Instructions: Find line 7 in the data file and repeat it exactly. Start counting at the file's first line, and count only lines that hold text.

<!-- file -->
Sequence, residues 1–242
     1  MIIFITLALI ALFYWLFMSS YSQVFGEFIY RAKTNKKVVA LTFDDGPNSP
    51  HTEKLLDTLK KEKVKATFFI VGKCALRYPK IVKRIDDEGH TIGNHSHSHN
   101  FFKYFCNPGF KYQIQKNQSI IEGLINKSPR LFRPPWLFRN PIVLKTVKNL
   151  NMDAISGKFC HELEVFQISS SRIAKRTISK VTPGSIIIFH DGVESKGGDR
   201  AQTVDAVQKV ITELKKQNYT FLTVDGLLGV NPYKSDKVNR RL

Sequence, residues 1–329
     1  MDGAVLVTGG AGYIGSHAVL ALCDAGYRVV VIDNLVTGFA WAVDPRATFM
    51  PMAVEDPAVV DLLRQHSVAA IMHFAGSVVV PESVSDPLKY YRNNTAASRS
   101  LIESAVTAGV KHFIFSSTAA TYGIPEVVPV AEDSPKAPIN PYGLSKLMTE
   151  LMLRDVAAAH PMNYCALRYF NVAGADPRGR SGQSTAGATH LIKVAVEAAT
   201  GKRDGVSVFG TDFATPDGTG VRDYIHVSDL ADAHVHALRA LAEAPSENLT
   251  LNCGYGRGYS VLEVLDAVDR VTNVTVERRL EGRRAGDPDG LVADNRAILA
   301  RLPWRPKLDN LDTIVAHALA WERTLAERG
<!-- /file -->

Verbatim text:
Sequence, residues 1–329